taking Seretide. If this happens stop using your Seretide inhaler.
Use your fast-acting ‘reliever’ inhaler to help your breathing and tell
your doctor straight away.
• Seretide may affect the normal production of steroid hormones in the
body, particularly if you have taken high doses for long periods of
time. The effects include:
- Slowing of growth in children and adolescents
- Thinning of the bones
- Glaucoma
- Weight gain
- Rounded (moon shaped) face (Cushing’s Syndrome)
Your doctor will check you regularly for any of these side effects and
make sure you are taking the lowest dose of Seretide to control your
asthma.
• Behavioural changes, such as being unusually active and irritable
(these effects mainly occur in children).
• Uneven heart beat or heart gives an extra beat (arrhythmias). Tell your
doctor, but do not stop taking Seretide unless the doctor tells you to
stop.
Frequency not known, but may also occur:
• Depression or aggression. These effects are more likely to occur in
children.

Reporting of side effects
If you get any side effects, talk to your doctor or pharmacist. This includes
any possible side effects not listed in this leaflet.
You can also report side effects directly via the Yellow Card Scheme at:
www.mhra.gov.uk/yellowcard. By reporting side effects you can help
provide more information on the safety of this medicine.

5 How to store Seretide
• Keep this medicine out of the sight and reach of children.
• Do not use Seretide after the expiry date which is stated on the label
and carton after EXP. The expiry date refers to the last day of that
month.
• Do not store above 30°C.
Do not throw away medicines via wastewater or household waste. Ask
your pharmacist how to throw away medicines you no longer use. These
measures will help protect the environment.

6 Contents of the pack and other information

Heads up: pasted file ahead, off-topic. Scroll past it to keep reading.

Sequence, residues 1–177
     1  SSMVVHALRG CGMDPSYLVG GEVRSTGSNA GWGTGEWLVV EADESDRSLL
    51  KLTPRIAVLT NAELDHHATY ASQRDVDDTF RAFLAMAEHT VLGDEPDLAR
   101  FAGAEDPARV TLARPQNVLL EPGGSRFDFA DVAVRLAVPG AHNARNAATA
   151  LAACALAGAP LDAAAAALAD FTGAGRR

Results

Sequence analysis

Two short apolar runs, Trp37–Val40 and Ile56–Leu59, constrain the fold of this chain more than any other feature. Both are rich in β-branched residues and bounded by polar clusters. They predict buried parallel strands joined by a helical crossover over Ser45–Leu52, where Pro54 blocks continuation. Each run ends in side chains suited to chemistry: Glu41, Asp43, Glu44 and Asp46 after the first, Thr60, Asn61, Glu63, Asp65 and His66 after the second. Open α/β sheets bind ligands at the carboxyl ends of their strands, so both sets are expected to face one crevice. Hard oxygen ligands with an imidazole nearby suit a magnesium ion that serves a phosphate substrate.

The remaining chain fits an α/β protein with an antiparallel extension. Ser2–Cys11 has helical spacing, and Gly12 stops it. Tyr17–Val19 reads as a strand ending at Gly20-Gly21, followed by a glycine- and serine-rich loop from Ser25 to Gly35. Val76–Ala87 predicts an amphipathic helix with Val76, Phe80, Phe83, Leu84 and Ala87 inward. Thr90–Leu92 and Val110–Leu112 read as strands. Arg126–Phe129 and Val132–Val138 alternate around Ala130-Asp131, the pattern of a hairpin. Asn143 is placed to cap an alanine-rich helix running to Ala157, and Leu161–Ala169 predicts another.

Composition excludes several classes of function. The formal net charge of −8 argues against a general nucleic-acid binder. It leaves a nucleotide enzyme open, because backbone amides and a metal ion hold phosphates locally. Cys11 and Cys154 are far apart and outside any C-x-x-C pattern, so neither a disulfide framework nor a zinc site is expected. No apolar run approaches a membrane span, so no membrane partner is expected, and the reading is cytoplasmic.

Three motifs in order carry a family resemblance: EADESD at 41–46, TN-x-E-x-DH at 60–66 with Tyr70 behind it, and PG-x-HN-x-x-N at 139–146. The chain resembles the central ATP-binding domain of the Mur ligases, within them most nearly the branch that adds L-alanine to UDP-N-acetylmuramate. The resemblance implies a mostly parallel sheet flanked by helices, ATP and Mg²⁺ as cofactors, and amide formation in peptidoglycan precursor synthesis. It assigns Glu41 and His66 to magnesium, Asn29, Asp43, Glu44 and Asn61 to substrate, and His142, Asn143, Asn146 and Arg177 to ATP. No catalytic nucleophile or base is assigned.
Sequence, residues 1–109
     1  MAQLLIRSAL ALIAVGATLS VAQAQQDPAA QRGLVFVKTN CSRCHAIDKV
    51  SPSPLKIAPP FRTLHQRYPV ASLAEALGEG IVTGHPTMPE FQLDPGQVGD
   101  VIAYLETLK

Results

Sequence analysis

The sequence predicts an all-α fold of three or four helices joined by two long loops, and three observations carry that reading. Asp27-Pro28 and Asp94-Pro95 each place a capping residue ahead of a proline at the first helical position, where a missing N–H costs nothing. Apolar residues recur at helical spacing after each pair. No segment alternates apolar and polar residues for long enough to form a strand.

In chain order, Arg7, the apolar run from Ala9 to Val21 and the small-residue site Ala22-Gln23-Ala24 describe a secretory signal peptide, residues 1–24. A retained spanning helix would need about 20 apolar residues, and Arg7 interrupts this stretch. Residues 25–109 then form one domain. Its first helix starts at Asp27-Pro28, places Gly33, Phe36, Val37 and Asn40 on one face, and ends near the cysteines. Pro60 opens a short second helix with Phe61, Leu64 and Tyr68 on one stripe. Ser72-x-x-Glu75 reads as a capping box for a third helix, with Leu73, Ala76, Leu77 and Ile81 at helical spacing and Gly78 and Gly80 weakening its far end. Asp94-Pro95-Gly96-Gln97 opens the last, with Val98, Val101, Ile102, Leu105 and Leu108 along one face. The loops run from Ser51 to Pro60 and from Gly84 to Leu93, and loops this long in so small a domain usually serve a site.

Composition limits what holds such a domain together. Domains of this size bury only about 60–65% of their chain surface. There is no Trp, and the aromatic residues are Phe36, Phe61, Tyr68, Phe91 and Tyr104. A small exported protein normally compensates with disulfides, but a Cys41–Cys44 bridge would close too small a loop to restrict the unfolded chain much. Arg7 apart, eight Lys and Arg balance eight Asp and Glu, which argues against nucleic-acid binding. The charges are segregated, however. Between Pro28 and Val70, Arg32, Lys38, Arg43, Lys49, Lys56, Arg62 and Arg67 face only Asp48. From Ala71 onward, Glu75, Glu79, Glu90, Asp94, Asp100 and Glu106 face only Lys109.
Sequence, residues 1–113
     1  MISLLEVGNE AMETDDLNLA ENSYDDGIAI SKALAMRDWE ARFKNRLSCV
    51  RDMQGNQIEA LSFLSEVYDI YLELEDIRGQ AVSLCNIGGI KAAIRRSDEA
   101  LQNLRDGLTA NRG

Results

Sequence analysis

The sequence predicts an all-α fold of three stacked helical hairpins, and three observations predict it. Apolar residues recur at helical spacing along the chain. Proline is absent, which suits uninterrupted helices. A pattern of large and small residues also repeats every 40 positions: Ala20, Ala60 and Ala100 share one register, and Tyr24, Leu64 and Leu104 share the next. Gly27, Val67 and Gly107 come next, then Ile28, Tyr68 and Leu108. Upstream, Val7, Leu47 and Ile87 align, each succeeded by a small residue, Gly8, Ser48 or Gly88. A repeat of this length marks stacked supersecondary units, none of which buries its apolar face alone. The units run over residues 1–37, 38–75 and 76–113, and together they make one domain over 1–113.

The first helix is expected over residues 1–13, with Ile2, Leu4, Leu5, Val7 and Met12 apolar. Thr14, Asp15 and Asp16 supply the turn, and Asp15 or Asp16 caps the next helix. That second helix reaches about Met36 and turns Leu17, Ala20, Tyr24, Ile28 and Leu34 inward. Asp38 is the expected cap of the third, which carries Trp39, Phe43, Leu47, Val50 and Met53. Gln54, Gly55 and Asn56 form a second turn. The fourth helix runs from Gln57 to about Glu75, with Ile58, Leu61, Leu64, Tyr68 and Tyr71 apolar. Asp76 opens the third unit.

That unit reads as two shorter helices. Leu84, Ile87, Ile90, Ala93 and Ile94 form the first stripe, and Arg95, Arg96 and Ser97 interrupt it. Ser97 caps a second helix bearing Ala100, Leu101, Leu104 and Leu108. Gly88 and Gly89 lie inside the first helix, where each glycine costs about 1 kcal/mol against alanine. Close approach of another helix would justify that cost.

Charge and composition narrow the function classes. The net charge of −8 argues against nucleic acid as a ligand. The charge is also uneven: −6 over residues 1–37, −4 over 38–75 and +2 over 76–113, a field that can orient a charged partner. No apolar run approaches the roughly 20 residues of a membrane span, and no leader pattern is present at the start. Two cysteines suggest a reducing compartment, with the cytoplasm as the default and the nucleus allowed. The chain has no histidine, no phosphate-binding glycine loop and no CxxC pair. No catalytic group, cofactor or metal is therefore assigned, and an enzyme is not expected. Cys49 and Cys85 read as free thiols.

Manufacturer:
Glaxo Operations UK Ltd
Priory Street, Ware, Hertfordshire SG12 ODJ, United Kingdom.
Other formats
To listen to or request a copy of this leaflet in Braille, large print or audio
please call free of charge:

0800 198 5000 (UK Only)
Please be ready to give the following information:
Product name
Reference number

Seretide Accuhaler
10949/0314

This is a service provided by the Royal National Institute of Blind People.
This leaflet was last revised in 08/2014
Accuhaler and Seretide are registered trademarks of the GlaxoSmithKline
group of companies
© 2014 GlaxoSmithKline group of companies

What Seretide Accuhaler contains
• Each pre-dispensed dose contains 50 micrograms of salmeterol (as
salmeterol xinafoate) and 100, 250 or 500 micrograms of fluticasone
propionate.
• The other ingredient is lactose monohydrate (which contains milk
proteins).
What Seretide Accuhaler looks like and contents of the pack
• The Seretide Accuhaler contains a foil strip. The foil protects the
powder for inhalation from the effects of the atmosphere.
• Each dose is pre-dispensed.
• The devices are packed in cartons which hold:
1 x Accuhaler 28 inhalations
or 1, 2, 3 or 10 x Accuhaler each containing 60 inhalations.
Not all pack sizes may be marketed.
Marketing Authorisation Holder and Manufacturer
Marketing Authorisation Holder:
Glaxo Wellcome UK Ltd
Stockley Park West
Uxbridge
Middlesex UB11 1BT
10000000119317

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Source: Medicines and Healthcare Products Regulatory Agency

Disclaimer: Every effort has been made to ensure that the information provided here is accurate, up-to-date and complete, but no guarantee is made to that effect. Drug information contained herein may be time sensitive. This information has been compiled for use by healthcare practitioners and consumers in the United States. The absence of a warning for a given drug or combination thereof in no way should be construed to indicate that the drug or combination is safe, effective or appropriate for any given patient. If you have questions about the substances you are taking, check with your doctor, nurse or pharmacist.